Affordable Care Act Information

  • The Affordable Care Act was enacted in 2010 and put in place several mandates effecting Employer-Sponsored Health Plans and individuals’ ability to access care. Most notable:

    • Dependent children are eligible to stay on health plans until their 26th birthday, regardless of enrollment in school.
    • All preventative services (i.e. annual physical), when preformed with an in-network provider, are at no cost to the patient.
    • Eliminated lifetime maximums for health insurance coverage (dental/vision maximums were unaffected).
    • Established the Health Insurance Exchange, locally known as Covered California.


    Covered California gives individuals and their families the opportunity to purchase health coverage directly from a variety of providers, including Kaiser, Blue Shield, and Anthem. Many individuals will qualify for a subsidy to help cover their monthly premium, but this is not a requirement to enroll in a plan.

    To browse available plans, visit

    Click “get a quote” on the right side of the website. You will be asked for your zip code, annual household income (this information is used to determine if you qualify for a subsidy. If you do not wish to receive a subsidy, you can leave this section blank), the number of people living in your household, their age, and if they are pregnant.

    The website will then ask you to rate your average usage of different medical services. This information is used to help tailor the results to plans that may be best suited to fit your needs.

    Once you click “submit,” you will be able to browse and compare available plans. Once you find the plan you want, add it to your cart and “check out” to be taken to the formal enrollment application. Once enrolled, you will receive notification from the insurance carrier with information on how to pay for your plan and set up an account.

    Things to consider when choosing an insurance plan:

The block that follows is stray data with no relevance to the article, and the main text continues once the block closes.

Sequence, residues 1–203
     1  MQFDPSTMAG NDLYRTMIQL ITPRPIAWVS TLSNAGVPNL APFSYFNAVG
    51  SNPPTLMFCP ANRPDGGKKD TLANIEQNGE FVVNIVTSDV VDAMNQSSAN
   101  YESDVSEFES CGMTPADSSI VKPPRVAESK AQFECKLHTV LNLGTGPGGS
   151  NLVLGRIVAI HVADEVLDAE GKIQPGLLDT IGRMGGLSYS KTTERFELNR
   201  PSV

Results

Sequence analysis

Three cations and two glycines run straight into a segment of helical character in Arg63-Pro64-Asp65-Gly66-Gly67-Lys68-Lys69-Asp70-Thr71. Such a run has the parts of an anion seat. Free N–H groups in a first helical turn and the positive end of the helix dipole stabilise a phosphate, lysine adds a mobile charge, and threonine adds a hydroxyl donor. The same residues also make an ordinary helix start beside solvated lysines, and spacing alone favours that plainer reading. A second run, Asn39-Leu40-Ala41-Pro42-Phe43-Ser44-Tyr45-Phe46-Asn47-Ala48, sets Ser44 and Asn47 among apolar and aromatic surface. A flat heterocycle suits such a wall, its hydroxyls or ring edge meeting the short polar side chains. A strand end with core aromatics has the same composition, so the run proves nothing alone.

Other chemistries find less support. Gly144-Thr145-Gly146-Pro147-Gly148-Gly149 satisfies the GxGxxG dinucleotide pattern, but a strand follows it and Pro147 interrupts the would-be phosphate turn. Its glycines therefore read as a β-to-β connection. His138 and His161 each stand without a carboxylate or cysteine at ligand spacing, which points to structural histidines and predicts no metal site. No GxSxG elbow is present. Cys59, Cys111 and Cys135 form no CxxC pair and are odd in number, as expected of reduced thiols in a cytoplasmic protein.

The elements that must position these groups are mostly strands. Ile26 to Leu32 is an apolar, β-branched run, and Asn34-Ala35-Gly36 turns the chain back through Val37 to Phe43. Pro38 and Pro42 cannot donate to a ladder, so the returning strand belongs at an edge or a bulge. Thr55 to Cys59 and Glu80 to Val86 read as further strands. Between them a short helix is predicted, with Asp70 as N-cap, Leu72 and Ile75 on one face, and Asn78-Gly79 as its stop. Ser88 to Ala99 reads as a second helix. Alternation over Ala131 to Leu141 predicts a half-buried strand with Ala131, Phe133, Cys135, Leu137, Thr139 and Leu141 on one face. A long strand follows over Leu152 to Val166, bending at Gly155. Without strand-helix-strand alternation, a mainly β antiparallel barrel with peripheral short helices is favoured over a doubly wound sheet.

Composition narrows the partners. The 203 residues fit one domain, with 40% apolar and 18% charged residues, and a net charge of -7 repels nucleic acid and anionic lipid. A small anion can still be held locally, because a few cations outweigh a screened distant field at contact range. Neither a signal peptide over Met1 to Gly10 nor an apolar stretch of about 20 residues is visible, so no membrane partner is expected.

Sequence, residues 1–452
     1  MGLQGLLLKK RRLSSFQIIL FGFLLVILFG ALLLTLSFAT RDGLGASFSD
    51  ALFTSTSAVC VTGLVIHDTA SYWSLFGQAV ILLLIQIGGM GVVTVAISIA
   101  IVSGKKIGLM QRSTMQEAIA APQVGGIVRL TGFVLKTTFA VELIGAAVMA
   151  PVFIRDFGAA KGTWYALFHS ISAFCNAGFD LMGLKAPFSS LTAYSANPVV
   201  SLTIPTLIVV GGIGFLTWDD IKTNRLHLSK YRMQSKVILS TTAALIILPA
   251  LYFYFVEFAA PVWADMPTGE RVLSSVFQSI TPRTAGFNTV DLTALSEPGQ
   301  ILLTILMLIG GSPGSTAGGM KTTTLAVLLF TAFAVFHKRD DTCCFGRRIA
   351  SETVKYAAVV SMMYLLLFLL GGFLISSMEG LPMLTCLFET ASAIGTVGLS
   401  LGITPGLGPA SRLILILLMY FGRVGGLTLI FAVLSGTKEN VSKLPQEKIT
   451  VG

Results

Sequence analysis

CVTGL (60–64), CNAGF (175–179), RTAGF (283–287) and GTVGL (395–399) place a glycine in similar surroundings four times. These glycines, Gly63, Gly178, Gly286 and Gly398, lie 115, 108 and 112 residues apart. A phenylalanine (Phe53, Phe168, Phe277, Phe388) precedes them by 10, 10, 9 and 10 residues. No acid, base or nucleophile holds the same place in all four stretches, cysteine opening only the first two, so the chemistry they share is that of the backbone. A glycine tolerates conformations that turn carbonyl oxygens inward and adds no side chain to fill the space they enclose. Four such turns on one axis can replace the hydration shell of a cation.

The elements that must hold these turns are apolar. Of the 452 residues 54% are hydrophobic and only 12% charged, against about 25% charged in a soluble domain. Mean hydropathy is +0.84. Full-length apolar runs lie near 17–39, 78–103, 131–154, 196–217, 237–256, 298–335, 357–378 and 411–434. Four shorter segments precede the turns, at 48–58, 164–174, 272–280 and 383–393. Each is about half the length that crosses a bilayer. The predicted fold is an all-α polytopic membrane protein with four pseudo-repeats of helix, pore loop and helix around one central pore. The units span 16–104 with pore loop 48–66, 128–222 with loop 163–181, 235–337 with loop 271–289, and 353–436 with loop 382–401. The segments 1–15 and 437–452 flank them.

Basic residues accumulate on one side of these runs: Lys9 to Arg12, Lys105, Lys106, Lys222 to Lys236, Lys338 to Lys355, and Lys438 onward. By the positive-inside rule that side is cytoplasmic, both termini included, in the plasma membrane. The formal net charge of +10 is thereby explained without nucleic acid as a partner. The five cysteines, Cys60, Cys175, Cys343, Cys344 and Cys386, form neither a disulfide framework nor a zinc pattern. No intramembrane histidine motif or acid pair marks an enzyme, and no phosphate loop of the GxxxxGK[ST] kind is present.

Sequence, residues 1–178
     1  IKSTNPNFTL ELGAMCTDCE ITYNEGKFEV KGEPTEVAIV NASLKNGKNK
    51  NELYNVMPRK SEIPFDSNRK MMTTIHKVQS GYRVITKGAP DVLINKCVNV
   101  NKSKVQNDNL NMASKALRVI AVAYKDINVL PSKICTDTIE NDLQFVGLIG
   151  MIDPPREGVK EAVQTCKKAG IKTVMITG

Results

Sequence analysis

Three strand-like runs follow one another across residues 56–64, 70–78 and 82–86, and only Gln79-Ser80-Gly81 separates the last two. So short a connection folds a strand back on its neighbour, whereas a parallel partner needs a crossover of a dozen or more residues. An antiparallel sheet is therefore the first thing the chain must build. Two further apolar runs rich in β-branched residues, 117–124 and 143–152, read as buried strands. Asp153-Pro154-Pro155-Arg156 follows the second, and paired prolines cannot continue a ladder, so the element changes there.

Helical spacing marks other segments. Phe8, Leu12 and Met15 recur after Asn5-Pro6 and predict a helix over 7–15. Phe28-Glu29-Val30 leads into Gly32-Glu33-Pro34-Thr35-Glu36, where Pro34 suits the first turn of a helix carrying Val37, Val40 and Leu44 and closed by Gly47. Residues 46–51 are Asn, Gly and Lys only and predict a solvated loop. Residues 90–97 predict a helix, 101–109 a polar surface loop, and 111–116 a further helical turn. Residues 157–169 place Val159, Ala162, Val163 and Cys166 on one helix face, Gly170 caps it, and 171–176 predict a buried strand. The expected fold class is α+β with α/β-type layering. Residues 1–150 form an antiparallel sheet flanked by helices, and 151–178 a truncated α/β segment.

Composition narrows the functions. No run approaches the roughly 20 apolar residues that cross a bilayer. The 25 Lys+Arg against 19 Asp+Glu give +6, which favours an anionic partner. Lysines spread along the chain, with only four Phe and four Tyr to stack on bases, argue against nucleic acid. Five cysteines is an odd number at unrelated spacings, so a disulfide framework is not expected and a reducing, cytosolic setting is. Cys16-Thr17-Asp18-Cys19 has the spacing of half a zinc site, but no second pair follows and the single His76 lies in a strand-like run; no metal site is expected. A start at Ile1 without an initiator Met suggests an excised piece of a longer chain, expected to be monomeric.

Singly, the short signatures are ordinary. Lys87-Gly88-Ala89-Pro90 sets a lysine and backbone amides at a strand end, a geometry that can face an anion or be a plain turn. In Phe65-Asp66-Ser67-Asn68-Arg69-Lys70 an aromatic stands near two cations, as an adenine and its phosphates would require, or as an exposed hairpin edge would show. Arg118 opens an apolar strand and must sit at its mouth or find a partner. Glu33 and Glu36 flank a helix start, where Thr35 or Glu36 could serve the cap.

1.       Check the premium. Your premium is the amount you pay each month for coverage, whether you use the insurance or not.
    2.       Check the deductibles, co-payments, and co-insurance amounts. Usually plans that have a less expensive premium have higher out of pocket costs. A deductible is your financial responsibility before the plan pays benefits. Usually, certain coverages are exempted from the Deductible. A co-payment is a flat dollar amount that you are responsible to pay for services. A co-insurance is the percent of the overall cost of the service that you are responsible to pay. You typically owe a co-insurance once your deductible has been met.
    3.       Check the network. If you would like to keep your same doctor and hospital, you will want to make sure they are in-network with the plan you choose, OR if you choose to enroll in a PPO plan, be aware of the costs of using an out-of-network provider.
    4.       Check the formulary. If you are taking medications, you will want to make sure those medications are covered under the plan’s drug formulary or “drug list.” If they are not covered, check with your doctor to see if there is another option that is covered.


    If you need help getting coverage or have additional questions about the Affordable Care act, please contact us.

Keenan Direct

  • For individual assistance in navigating the marketplace contact Keenan Direct at 855-653-3626 or visit